4. 4. Hamilton 4 light on all positions linguistically manifested in the text for each position is set in a fresh context with the result that the reader’s attention is drawn to aspects hitherto not apparent. Thus the structure of theme and horizon transforms every perspective segment of the text into a two-way glass, in the sense that each segment appears against the others and is therefore no only itself but also a reflection and an illuminator of those others”(Iser, pp. 97-98). Had I read this text on my own, I am sure that my reading of this text would have completely different and not as rich or meaningful. Our dialogue, our learning experiences as a small group, and what each person brought to the conversation all impacted how I thought about the text and created a sort of “ongoing” revision and “rewriting” of the text for me. In this sense, this was definitely a communal reading experience. My transactions with The English Patient were not just about my own personal reading, but they were also about how my transactions with each of you affected my “dialogue” with the text. Stanley Fish maintains, “…all objects are made and not found, and that they are made by the interpretative strategies we set in motion. The you is a communal you and not an isolated individual” (Fish, p. 331). This reading went beyond the borders of myself. I felt the reading transcended each of us and somehow evolved into larger experiences. For me, these experiences affirm Wolfgang Iser’s belief that “….it is clear that if a literary text represents a reaction to the world, the reaction must be to the world incorporated in the text; the forming of the aesthetic object therefore coincides with the reader’s reactions to positions set up and transformed by the structure of theme and horizon” (Iser, p. 98). Reading this novel not only was an act of constructing a “communal text,” but these acts of reading involved composing a communal history of my experiences with the text.
  5. 5. Hamilton 5 On a more text-to-reader level, I cannot help but think of how books “write” me and construct a “communal text” of identity (communal book as a metaphor for identity) for me. For Hana, words definitely conveyed a “power” to feed her and nurture her, just as Katharine “…had always wanted words, she loved them, grew up on them. Words gave her clarity, brought reason, shape” (238). From my first faint outline of memory as a small child, words, spoken and written, have shaped my world and sense of purpose in the world. What stories and songs did I read and hear repeatedly that impacted my worldview? When I was ten, Little Women inspired me to declare that “being an author” was my mission in life. My reputation for devouring books was known to family, friends, and teachers. A Christmas “wish list” was never without a requisite list of books that I hoped would line my bookshelves. If I was not found with my nose in a book, then you would find me composing my own stories either by hand or later, with a typewriter that definitely made me feel like a budding Louisa May Alcott! After reading The Lion, The Witch, and the Wardrobe for the first time, I tried to go to Narnia by hopping in my great-grandmother’s chiffarobe. Over twenty years later, I can still feel the sense of disappointment that the walls did not magically open a door to Narnia; even now, I still feel a faint flutter of the he urgent desire to literally go someplace a book had taken me earlier. Words and books are inextricably intertwined with my sense of self. In a recent television interview, renowned actor, poet, and painter Viggo Mortensen commented that unlike many actors, he did not try to rid himself of a character; for him, remnants of his experiences in a moviemaking experience and of that character somehow became imbued and fused into his own psyche. This experience for Mortensen is much like my experiences as a reader: I enter a book as one person, but I exit it a different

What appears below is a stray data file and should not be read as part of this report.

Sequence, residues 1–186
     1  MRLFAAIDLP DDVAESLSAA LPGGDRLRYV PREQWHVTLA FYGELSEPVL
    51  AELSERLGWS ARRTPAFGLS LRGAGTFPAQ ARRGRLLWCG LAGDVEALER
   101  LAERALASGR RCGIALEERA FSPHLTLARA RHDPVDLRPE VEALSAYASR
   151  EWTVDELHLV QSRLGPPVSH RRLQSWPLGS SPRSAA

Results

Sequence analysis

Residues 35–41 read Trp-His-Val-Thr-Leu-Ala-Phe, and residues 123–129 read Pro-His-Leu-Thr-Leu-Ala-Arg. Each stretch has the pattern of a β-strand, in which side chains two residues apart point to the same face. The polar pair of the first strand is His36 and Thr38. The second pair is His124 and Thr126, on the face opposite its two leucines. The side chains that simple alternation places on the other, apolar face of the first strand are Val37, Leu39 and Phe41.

6. 6. Hamilton 6 person even though I may not completely realize the changes and the “rewriting” of myself at that point in time. When I begin to read a book, I often wonder what journey lies ahead for me as a reader; this anticipation is usually one of curiosity, much like Hana: “She entered the story knowing she would emerge from a feeling she had been immersed in the lives of others, in plots that stretched back twenty years, her body full of sentences and moments, as if awaking from sleep with a heaviness caused by unremembered dreams” (12). I reflect with awe how books and reading have populated my identity. The map of self is altered and the old labels and markings no longer apply. Is it through reading acts of reading that we can fulfill the English Patient’s desire to “walk upon an earth with no maps”, to create a world with dynamic boundaries and meaningful place-names of self that are dynamic? Acts of reading are acts of transformation whether we realize it or not. These transformations are not isolated, and they occur in a context of a particular reading experience: “As text and reader thus merge into a single situation, the division between subject and object no longer applies, and it follows that meaning is no longer an object to be defined, but is an effect to be experienced” (Iser, pp. 9-10). Have you ever found yourself in a book feeling as though you were someplace real, as though you had crossed into some imaginary yet incredibly real world, wondering what parts were fiction and what parts were reality or truth? How is it that we as readers breathe life into those words on the page? At this point, I believe that if we are to think of reading as an experience that adds “communal” layers to ourselves, we incorporate those experiences into rich, dynamic transactions with texts. Consequently, acts of reading become places of meaning making and construction of worlds, “texts,” and living histories.
  7. 7. Hamilton 7 Bakhtin, M. (1981). The Dialogic Imagination: Four essays by M.M. Bakhtin. Austin, TX: University of Texas Press. Fish, S. (1980). Is there a text in this class: The authority of interpretive communities. Cambridge, MA: Harvard University Press. Iser, W. (1978). The act of reading: A theory of aesthetic response. Baltimore, MD: Johns Hopkins University Press.